Vous êtes sur la page 1sur 11

PART IV- HISTORY OF THE CHURCH

LESSON 21
THE EARLY CHRISTIAN CHURCH
Aim: To Learn about the early stages in the development of the Christian church.
The earliest stage in the development of the Church, from 30 A.D. to 70 A.D., can be called the
‘apostolic period’. Luke has written about some aspects of the history of the Church during this stage, in
the book, ‘The Acts of the Apostles’. Initially the Roman Government and the gentiles considered the early
Christian Church as a modified form of the Jewish religion. Even after the ascension of Jesus Christ, the
apostles and other believers used to go to the temple of Jerusalem for prayers (Acts 3:1). But after Stephen
became a martyr, Christians started getting recognized as a separate group. As we know, the resurrection
of Jesus Christ was the strongest driving force behind Christianity. For the same reason, the Sadducees,
who did not believe in resurrection, became enemies of the Christians. During this period the gospel was
preached amongst the gentiles too. Saul of Tarsus, who was strongly against the Christians, was converted
to Christianity. Later, he came to be known as St. Paul. He did a lot of gospel work among the gentiles.
Decisions taken at the Jerusalem council in AD 51 encouraged the gospel work and the growth of the
Church.
In AD 70 Romans destroyed the temple of Jerusalem completely. A large number of people were
killed. Remaining people fled to distant places to save their lives. The period from AD 70 to AD110 can
be called ‘the apostolic disciple period’. The followers who learnt directly from the apostles led the church
during this time. Most of the books of the New Testament were available during this time. With the
downfall of Jerusalem the Jewish Christians were no more important. The largest cities in the world at that
time were Rome, Antioch and Alexandria. These three cities became the important centers of the Christian
church. These cities were in the continents of Europe, Asia and Africa respectively.
The Romans used to worship idols and also the emperors who ruled the country from time to time.
The Christians who refused to do this were branded as atheists. The Christians who were denied the right
to worship used to get together in secret places and worship at night. From AD 55, when Emperor Nero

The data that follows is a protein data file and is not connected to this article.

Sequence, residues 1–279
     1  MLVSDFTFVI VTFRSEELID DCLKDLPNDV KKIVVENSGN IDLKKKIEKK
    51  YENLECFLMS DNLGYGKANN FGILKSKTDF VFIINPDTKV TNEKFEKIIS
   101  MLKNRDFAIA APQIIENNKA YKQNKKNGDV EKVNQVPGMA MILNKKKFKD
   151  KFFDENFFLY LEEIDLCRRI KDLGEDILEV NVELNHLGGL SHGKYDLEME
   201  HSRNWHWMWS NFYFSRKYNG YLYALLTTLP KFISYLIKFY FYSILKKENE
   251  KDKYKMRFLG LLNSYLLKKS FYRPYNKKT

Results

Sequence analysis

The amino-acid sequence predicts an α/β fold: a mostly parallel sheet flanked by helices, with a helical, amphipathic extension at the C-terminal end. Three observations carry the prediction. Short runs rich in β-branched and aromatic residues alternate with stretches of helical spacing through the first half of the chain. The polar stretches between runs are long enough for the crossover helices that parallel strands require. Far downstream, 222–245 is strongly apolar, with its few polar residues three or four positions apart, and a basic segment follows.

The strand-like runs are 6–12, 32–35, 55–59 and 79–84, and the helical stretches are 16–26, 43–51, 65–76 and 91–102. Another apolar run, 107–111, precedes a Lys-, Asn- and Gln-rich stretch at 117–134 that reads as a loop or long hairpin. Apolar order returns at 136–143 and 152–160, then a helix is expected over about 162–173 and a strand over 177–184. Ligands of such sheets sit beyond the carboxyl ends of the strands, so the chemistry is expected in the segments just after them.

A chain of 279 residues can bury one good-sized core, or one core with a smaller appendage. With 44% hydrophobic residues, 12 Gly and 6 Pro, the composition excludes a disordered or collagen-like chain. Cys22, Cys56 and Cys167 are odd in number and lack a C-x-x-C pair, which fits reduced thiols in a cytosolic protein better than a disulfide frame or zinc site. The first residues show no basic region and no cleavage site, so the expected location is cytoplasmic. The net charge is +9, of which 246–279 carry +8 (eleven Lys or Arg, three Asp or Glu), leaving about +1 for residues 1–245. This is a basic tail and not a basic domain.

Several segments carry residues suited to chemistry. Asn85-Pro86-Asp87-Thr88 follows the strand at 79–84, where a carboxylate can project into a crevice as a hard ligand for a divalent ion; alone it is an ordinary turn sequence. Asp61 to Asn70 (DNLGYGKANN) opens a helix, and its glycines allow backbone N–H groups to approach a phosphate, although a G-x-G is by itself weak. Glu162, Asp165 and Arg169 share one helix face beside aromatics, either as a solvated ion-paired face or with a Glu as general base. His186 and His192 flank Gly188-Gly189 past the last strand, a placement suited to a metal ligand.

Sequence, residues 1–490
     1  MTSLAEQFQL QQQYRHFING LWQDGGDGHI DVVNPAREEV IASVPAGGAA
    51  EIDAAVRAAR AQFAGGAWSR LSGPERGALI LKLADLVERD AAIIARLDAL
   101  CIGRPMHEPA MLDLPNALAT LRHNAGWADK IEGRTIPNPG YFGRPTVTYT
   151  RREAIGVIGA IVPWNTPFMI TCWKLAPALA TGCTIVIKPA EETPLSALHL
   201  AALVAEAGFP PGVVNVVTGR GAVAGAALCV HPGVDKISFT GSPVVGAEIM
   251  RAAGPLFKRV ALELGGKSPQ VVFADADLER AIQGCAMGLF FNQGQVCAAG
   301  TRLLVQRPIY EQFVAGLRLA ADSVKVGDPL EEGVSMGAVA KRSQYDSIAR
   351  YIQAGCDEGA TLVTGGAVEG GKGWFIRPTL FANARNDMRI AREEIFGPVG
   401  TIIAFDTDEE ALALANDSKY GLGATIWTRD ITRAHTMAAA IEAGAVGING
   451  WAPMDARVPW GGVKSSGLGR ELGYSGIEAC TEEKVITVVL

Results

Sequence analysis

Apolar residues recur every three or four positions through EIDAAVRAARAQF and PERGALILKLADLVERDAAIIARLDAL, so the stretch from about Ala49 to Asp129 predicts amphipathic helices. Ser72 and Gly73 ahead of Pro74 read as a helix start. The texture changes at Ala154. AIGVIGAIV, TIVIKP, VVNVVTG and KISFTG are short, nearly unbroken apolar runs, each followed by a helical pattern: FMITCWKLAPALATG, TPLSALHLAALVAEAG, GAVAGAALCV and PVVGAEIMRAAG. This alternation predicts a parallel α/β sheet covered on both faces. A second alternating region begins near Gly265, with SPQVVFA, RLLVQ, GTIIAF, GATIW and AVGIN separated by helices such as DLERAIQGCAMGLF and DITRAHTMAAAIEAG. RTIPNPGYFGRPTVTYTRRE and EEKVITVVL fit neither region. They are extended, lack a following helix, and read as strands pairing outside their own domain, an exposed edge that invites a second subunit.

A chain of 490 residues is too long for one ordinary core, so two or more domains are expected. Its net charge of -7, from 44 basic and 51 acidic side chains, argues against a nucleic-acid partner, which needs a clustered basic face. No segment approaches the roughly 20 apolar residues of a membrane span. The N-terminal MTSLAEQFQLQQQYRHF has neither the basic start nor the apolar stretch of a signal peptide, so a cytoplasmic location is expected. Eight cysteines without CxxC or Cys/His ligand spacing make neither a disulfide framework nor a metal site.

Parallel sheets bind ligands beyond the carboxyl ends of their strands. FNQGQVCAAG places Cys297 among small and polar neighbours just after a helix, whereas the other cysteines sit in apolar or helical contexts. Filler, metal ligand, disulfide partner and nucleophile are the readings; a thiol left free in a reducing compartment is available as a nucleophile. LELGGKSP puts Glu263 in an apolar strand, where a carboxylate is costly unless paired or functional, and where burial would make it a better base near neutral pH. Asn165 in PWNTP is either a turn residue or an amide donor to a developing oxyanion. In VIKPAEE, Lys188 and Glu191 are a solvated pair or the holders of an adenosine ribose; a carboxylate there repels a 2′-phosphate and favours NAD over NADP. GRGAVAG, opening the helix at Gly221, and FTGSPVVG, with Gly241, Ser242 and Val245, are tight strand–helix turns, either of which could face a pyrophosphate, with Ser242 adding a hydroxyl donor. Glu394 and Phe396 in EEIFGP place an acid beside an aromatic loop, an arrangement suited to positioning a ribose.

was the ruler, till the Edict of Milan issued by Emperor Constantine in AD 313 bringing the persecutions
under Diocletian (and later Galerius) to an end, for two and a half centuries the Christian Church was
persecuted continuously. The Christians who protested against making the slaves fight animals for the
entertainment of the Romans were persecuted. Amongst the gentiles, Christian ladies were treated like
slaves. Since the Christian Church was a prohibited establishment, it did not enjoy freedom of expression
and worship, which other religions enjoyed. To be a Christian was a crime in itself. The Romans used to
hate the Christians. During this period of persecution many Christians were murdered and many others
were subjected to various tortures. In spite of all this the Church was growing every day. Since
membership in the Church was a disadvantage financially, only the real faithful were members of the
Church.
After the death of Emperor Diocletian, the Roman Empire was divided. Constantine, who was the
chief of the army, became ruler of one part of the empire. During a war, Constantine saw the sign of the
cross in the sky in a vision, while crossing the Milvian Bridge, and heard the voice, "With this you will
win". Constantine believed in the vision and got the sign of the cross marked on all weapons and on the
flags. He won the war that followed. Later he became the emperor of the whole of Roman Empire.
Emperor Constantine removed all the restrictions imposed on Christians by his predecessors and made a
proclamation in the town of Milan in Italy. This historically important ‘Edict of Milan of AD 313’ declared
complete religious freedom to all the people in the country. All Sundays were declared public holidays.
Following this, Christians started their day worship on Sundays.
Later Emperor Constantine became a Christian and the best thing he did for the growth of the
church was to conduct the first ecumenical council in AD 325 in the city of Nicaea in Asia Minor (part of
modern Turkey). From different parts of the world 318 bishops attended the various meetings of the
council. Mar Osthathevos (Eustathius), Patriarch of Antioch was the president for many of the meetings.
The heresy of Arius that denied the divinity of Jesus Christ was declared as accursed at the council of
Nicaea. The council established the doctrine that God the father and God the son were of the same essence.
It was decided that baptism of the heretics would not be accepted and that Easter would be celebrated only
on a Sunday and not based on the date alone.
Under the leadership of Queen Helena, mother of Emperor Constantine, a group of people went to
Jerusalem and searched for the cross on which Jesus Christ was crucified and found it. The Church